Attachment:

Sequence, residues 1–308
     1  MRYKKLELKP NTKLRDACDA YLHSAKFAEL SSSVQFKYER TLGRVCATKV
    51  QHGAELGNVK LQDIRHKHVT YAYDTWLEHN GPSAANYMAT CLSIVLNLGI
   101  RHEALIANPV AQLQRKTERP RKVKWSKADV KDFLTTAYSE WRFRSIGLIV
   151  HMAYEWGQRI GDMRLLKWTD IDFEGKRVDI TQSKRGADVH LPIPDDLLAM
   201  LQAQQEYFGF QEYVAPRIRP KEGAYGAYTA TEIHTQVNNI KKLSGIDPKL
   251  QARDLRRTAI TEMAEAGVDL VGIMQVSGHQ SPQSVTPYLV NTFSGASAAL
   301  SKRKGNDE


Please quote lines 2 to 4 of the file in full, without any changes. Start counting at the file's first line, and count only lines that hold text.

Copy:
     1  MRYKKLELKP NTKLRDACDA YLHSAKFAEL SSSVQFKYER TLGRVCATKV
    51  QHGAELGNVK LQDIRHKHVT YAYDTWLEHN GPSAANYMAT CLSIVLNLGI
   101  RHEALIANPV AQLQRKTERP RKVKWSKADV KDFLTTAYSE WRFRSIGLIV